For all intents and purposes, it appears that most GOP voters are split between supporting former Massachusetts Gov. Mitt Romney or former Speaker of the House Newt Gingrich as their party’s candidate for president. Both candidates have their strengths and weaknesses, and as such, whom they choose will likely come down to prioritizing electability versus experience.
Romney has clearly learned a lot since the last time he ran for president back in 2008, turning in strong, consistent performances at every debate, raising lots of money, racking up endorsements, and looking presidential every step of the way. In most polling, he is the most popular Republican candidate among Independents, and in most polls beats President Obama among registered voters if the election were held today. He’s a smart, polished businessman who is well-poised to take on the president in a general election.
Yet there’s still a feeling of discontent with Romney among many conservatives. He’s yet to close the deal with social conservatives because of his “evolving” positions on abortion and gay marriage. He will never be the Tea Party favorite due to his involvement in the Massachusetts Health Care Law and his past support for immigration reform. Ironically, Romney’s moderate past would actually help him in a general election. Realizing, however, that our nation’s primary structure generally favors the most ideologically-extreme candidate, he’s since reversed his positions on many of these issues. “New Mitt” pledges to deport all illegal aliens living in the United States, sign a pledge promising to form a commission to investigate the lesbian, gay, bisexual and transgender community if elected president, and to support a controversial anti-abortion law in South Dakota. All stances will likely not only cost him some of his Independent support but will certainly be used by Obama to paint Romney as just another “right-wing extremist.” In the meantime, GOP primary voters are left questioning whether he would govern as a conservative or as a centrist. Romney is still a bit of a question mark.
Gingrich has a completely different set of strengths and weaknesses. No one questions his knowledge of history and public policy, or that he truly is an intellectual conservative in the vein of William F. Buckley Jr. He consistently runs circles around his rivals at every debate, and gives detailed plans rather than just talking points. Unlike many other candidates, he also has a record of implementing his grand ideas. As speaker of the house, Gingrich presided over the last era in this country’s history when, in spite of a divided government, things actually got done. The budget got balanced. Government waste and regulation was reduced. The entire welfare system was overhauled, and capital gains and estate tax rates were cut. The economy was strong. Gingrich was the architect for much of this, so many are now looking to him as the candidate best poised to fix our country’s structural problems. Unfortunately for Gingrich, social conservatives aren’t likely to forget his failed marriages and sometimes questionable ethics. Tea Party conservatives aren’t getting behind him because of his willingness to compromise with Democrats and his support for environmental regulation and immigration reform. Seen as stubborn, prickly and sometimes unhinged, Gingrich has always been a polarizing figure in American politics, even among Republicans. Unless he can win over Independents, a general election win is much more unlikely for him than it would likely be for Romney.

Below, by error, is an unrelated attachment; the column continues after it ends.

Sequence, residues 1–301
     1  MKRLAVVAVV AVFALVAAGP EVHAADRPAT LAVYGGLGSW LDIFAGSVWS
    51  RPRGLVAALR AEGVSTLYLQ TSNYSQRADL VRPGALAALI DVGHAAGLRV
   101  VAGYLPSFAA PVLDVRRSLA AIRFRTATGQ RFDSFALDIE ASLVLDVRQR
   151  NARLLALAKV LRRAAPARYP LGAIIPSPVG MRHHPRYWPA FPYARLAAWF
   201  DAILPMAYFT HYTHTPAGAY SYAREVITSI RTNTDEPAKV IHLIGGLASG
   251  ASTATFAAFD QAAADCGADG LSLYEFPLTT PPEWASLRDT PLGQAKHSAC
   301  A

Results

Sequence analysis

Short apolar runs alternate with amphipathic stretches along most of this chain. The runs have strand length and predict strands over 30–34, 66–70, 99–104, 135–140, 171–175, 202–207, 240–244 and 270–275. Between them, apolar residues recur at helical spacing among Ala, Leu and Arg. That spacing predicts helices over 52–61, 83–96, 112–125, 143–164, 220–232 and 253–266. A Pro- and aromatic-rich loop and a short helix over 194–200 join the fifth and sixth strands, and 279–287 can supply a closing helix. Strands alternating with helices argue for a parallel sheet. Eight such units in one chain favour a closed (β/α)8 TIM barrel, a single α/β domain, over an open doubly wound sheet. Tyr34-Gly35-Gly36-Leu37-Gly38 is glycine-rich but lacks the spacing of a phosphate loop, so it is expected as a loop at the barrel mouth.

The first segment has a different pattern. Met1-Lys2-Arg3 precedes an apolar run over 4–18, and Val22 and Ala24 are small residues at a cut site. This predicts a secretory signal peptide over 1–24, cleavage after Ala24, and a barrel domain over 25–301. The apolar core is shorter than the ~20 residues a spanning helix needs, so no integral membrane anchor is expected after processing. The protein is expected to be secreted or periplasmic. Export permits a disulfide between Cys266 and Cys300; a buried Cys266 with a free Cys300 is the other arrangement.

So for many GOP voters, both candidates are a mixed bag. Ironically, there is a candidate in the race who does appear to bridge the gap between experience and electability — former Utah Gov. Jon Huntsman. He’s worked for four administrations and has foreign policy experience serving as U.S. Ambassador to China and Singapore. Fluent in Mandarin and having lived and worked in China, he’s almost certainly the best candidate to deal with the Chinese in a tough and effective way. He also offered up tax reform and other structural solutions to America’s problems long before the other candidates in the race. Equally important, he ran a state that experienced the highest job growth in the nation while also balancing the state’s budget and lowering taxes. If you’ve ever been to Utah, you know it’s a state that functions the way a state should function, a statement further evidenced by the fact that the Pew Center named it the best-managed state in the country in 2008.
Huntsman’s record of lowering taxes and creating jobs should appeal to Tea Party conservatives. His pro-life position on abortion and success in passing one of the largest school voucher bills in this country should garner support among social conservatives. His record on LGBT equality and environmental protection appeals to Independents, the majority of whom are now looking for a viable alternative to Obama. Huntsman essentially combines Gingrich’s record of conservative governance with Romney’s appeal to Independents. But, as noted before, our flawed primary process makes it almost impossible for a non-ideological candidate like Huntsman to get the nomination.
So unless Huntsman manages to break into the top tier in the next few weeks, GOP primary voters will basically be choosing between two men: one who has a better shot at being elected president, and one with perhaps a better plan for governing as president. With high unemployment and low job approval ratings for the current president, it’s the Republicans’ race to lose.
Matthew Craffey of Thousand Oaks earned a bachelor’s degree in political science with an emphasis in international relations from California Lutheran University. Check out his opinions on politics, faith and music at www.matthewcraffey.com.